Contract language reference

This section presents an overview of the CSL language constructions for the composition of contracts.

The atomic contracts of CSL are the smallest building blocks:

The non-atomic contracts all specify behaviour relative to smaller sub-contracts. Herein lies the composability of CSL: We formulate general structures that we may re-use across several contracts. There are five ways to compose contracts:

Note that the code examples in the following sections will sometimes consist of snippets of CSL code, not entire CSL specifications that can be copy-pasted and run. We have attempted to add comments in the code snippets to make it clear which parts have been left out, so it should not be too much work to copy and reuse the example snippets.

The successfully completed contract

A successfully completed contract is written as:

success

Because it is completed, this contract accepts no events.

The breached contract

The failed, or breached, contract is written as:

failure

A breached contract is in a state of failure and therefore it accepts no events.

The prefixed-contract

A “prefix-contract” is a contract that expects an event satisfying some predicate and after receiving a matching event it becomes a new contract. The general format is:

<AGENT> x:EVENTTYPE where PREDICATE

The above general form should be read as:

The agent identified by the value AGENT must issue an event of the type EVENTTYPE. This event is called x, and the predicate PREDICATE must evaluate to True. If it does, consume the event and evolve to success. Otherwise, do nothing.

If the originator of the event is unimportant, we may write *, matching any agent. Likewise, we may completely omit the where-clause with the predicate. Doing so corresponds to matching any event with the given type.

Examples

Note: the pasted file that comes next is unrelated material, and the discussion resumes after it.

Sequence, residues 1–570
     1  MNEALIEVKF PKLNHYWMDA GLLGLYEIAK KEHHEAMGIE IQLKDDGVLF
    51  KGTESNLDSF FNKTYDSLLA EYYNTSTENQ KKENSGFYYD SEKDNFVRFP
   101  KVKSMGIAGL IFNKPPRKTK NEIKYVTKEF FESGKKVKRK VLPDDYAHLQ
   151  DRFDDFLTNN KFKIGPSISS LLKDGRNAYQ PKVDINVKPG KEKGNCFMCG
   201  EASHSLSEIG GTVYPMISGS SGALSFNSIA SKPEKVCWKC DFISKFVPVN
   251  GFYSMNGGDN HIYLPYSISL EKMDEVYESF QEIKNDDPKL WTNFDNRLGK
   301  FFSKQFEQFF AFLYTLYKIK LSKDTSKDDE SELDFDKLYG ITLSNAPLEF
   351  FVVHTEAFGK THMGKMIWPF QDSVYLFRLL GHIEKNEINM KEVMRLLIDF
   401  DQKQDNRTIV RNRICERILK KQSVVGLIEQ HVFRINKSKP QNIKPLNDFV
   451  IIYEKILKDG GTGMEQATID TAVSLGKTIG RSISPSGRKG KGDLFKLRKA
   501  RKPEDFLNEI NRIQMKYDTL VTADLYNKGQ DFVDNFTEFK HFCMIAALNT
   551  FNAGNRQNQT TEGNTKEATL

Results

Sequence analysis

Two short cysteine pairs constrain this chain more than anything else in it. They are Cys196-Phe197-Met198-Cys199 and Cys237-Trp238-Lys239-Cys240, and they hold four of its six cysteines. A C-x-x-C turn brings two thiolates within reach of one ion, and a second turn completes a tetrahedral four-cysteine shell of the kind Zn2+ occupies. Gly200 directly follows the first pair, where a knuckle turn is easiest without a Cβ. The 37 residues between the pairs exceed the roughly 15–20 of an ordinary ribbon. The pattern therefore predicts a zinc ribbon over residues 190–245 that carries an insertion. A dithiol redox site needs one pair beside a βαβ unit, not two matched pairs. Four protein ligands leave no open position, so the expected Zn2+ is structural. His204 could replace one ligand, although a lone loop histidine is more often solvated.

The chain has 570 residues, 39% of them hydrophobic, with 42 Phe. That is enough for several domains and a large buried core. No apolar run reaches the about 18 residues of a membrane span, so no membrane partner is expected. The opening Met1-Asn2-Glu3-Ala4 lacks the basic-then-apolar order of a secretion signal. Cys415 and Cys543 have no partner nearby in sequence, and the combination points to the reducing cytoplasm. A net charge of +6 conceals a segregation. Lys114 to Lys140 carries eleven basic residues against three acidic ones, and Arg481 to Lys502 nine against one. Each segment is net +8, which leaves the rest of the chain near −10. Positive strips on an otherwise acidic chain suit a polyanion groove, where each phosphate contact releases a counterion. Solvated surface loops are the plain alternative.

The following example illustrates how one could match certain Foo events from Alice:

<alice> n: Foo where n.timestamp < #2017-08-31T23:00:00Z#

This is a specification of a contract that expects an event of type Foo from Alice where the timestamp field is before August 31st at eleven o’clock in the evening. After receipt of such an event, the reduced contract is success.

If we instead wanted to match just any event of type Foo, with no constraints on either the fields of the event or on the originating agent, we could write the following:

<*> Foo

This snippet is equivalent to writing

<*> Foo where True

which is again equivalent to

<*> f: Foo where True

We may chain together several prefix contracts using the then sequence combinator. For example, the following contract snippet specifies that first a payment event from Alice and then a delivery event from Bob must occur, after which no more events may occur:

type Payment : Event { receiver: Agent, amount: Int }
type Delivery : Event { receiver: Agent }

// ... definition of Payment and Delivery events ...
template C1(alice,bob) =
  <alice> p: Payment where
    p.receiver = bob &&
    p.timestamp = #2017-08-24T12:00:00Z#
  then
  <bob> d: Delivery where
    d.receiver = alice &&
    d.timestamp < #2017-08-26T12:00:00Z#

Now, assume that the agent Alice has input the following event:

Payment {
  agent = alice,
  timestamp = #2017-08-24T12:00:00Z#,
  receiver = bob
}

This event satisfies the first predicate, so our contract accepts it and evolves into its residual:

template C2(alice,bob) =
  <bob> d: Delivery where
    d.receiver = alice &&
    d.timestamp < #2017-08-26T12:00:00Z#

Bob now issues an event:

Delivery {
  agent = bob
  timestamp = #2017-08-25T12:00:00Z#,
  receiver = alice
}

The second predicate of the original contract (or the first predicate of the residual contract) is satisfied with this event, so the contract evolves into:

template C3() = success

No more events may be applied; the sequence of events that our contract specified was observed.

Sequentially composed contracts

Given two contracts c1 and c2, their sequential composition is the contract:

c1 then c2